Thursday, May 08, 2008


Is polygamy the problem?

The New York Times tells us that the Raid on Sect in Texas Rattles Other Polygamists:

“Polygamy is not the problem,” said Marlyne Hammon, who belongs to a group called The Work of Jesus Christ, which practices polygamy in a town just a few miles from here. Ms. Hammon, of Centennial Park, Ariz., said child brides had no place in her group’s faith or practice. “This is about human error, not polygamy,” she said.

Now, there’s a sense in which I agree with her. Part of me is adamant that whatever consenting adults do with their private lives is no concern of mine nor of the law’s. Part of me sees nothing wrong with plural marriage, as long as all involved know what they’re doing and are happy with it. It might not be my cup of tea, but, hey, neither are a lot of other things. À chacun, son goût.

But then I think about it a bit more, and I find a few things that bother me, a few “red flags” that tell me that, yes, polygamy is the problem:

  1. It always seems to be associated with a fringe religious sect. The religious aspect isn’t, in itself, the red flag. It’s that I just don’t see it at all outside of that context, and my experience tells me that any reasonable social behaviour also exists in a secular environment.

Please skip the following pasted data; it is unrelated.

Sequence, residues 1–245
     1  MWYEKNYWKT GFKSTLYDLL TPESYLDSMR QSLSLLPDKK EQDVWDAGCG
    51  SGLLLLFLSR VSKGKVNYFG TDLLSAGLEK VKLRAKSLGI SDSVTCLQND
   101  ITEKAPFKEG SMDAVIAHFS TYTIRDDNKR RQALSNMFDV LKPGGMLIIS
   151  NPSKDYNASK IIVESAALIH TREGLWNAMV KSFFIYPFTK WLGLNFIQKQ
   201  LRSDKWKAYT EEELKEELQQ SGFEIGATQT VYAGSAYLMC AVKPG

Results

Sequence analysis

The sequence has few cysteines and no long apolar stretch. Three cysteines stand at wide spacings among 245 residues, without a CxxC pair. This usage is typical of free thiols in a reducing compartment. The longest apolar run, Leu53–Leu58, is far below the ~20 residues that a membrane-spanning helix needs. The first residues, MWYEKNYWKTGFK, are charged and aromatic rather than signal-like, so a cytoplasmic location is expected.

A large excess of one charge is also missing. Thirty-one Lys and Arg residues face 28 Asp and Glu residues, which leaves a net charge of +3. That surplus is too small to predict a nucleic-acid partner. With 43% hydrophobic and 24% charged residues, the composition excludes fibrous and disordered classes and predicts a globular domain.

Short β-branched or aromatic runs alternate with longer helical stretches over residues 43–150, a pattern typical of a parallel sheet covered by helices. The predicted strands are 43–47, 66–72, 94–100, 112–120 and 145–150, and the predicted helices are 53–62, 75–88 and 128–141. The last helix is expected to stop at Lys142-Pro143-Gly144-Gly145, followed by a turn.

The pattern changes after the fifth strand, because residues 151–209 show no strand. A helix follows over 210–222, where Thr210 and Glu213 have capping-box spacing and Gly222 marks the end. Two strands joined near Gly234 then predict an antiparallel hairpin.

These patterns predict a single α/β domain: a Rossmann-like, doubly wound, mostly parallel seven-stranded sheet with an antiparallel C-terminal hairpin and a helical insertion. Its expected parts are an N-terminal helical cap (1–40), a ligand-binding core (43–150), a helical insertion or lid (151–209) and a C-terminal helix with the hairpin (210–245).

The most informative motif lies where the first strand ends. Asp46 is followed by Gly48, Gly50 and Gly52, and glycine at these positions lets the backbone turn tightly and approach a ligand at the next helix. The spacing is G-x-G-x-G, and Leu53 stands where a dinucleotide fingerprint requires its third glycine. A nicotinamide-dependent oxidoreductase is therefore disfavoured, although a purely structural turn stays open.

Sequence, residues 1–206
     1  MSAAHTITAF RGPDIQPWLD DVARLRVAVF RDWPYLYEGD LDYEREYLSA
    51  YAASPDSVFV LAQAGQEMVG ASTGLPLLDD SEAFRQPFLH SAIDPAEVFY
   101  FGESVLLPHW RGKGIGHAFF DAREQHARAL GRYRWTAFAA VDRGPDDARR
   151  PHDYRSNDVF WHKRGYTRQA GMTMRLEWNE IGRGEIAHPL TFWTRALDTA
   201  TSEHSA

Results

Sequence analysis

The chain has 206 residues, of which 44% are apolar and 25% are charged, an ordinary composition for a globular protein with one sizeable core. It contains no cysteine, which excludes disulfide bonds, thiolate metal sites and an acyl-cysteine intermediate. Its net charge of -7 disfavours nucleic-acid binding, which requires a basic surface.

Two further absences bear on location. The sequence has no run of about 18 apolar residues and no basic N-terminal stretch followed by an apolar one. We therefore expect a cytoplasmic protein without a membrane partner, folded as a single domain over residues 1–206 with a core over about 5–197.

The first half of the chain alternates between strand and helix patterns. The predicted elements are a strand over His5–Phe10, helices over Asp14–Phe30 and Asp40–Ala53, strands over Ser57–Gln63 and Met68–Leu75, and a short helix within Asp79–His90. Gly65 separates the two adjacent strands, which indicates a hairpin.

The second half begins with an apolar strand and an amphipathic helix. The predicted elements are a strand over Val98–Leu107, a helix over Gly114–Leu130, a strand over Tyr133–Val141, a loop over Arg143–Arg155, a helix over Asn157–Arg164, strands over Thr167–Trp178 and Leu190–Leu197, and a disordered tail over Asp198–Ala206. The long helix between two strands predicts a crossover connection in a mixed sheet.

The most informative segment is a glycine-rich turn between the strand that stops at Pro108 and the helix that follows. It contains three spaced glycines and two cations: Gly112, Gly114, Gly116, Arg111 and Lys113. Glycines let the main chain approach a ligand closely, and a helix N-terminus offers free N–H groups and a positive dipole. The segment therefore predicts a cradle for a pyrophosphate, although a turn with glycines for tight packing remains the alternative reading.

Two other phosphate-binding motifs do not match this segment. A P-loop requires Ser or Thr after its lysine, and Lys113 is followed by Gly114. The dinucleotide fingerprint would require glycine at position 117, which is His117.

2. Related to 1, but not entirely the same, it would bother me less if these groups were open, accepting, and tolerant. They’re not; they decry other lifestyles different from their own, condemning them as wrong. I’m always suspicious when people claim to know the ultimate answers.
  3. It’s always multiple wives to one husband, never the other way ’round, never polyandry. That aspect convinces me that there’s a part of this that’s aimed at — and is succeeding at — keeping women in subservient positions, and that the women aren’t entirely consenting. At the very least, their consent comes from lifelong training, rather than from their having arrived at it independently, and that’s troubling.
  4. Related to 3, I worry about what they’re teaching their children, how they’re bringing in another generation, and another, with the same exclusionary and oppressive ideas.
  5. Setting aside whether they should be imprisoned for it, there is the concept that we give certain legal rights and benefits to spouses. To the extent that some of those benefits cost the state money, it’s arguably unfair to expect us to confer those benefits on some arbitrary number of spouses, rather than just one. It’s possible that these groups, in their desire to eliminate outside interference, eschew those things, and so possibly this doesn’t matter in practice; I’m not sure.

I’m willing to be convinced that my red flags don’t really matter, and that polygamy’s really OK if it’s done “right”. But for now... yeah, polygamy is the problem.

“Raid on Sect in Texas Rattles Other Polygamists”? And well it should.


lidija said...